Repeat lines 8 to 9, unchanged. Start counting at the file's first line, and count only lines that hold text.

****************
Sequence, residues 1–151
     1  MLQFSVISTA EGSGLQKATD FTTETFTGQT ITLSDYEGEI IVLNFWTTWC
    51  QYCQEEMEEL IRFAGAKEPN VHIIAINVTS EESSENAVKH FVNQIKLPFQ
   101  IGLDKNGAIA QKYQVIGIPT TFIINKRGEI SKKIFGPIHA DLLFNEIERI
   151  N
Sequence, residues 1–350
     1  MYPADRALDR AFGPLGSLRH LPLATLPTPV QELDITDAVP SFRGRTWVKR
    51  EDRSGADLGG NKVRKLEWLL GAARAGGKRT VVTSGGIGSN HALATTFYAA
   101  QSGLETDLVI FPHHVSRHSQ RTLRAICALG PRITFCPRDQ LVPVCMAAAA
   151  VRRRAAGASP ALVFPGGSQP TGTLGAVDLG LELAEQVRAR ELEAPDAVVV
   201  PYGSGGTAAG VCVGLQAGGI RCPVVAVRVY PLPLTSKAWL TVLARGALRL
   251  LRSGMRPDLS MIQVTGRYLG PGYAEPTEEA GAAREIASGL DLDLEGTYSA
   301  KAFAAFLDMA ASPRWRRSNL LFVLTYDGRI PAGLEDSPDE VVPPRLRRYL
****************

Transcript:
    51  EDRSGADLGG NKVRKLEWLL GAARAGGKRT VVTSGGIGSN HALATTFYAA
   101  QSGLETDLVI FPHHVSRHSQ RTLRAICALG PRITFCPRDQ LVPVCMAAAA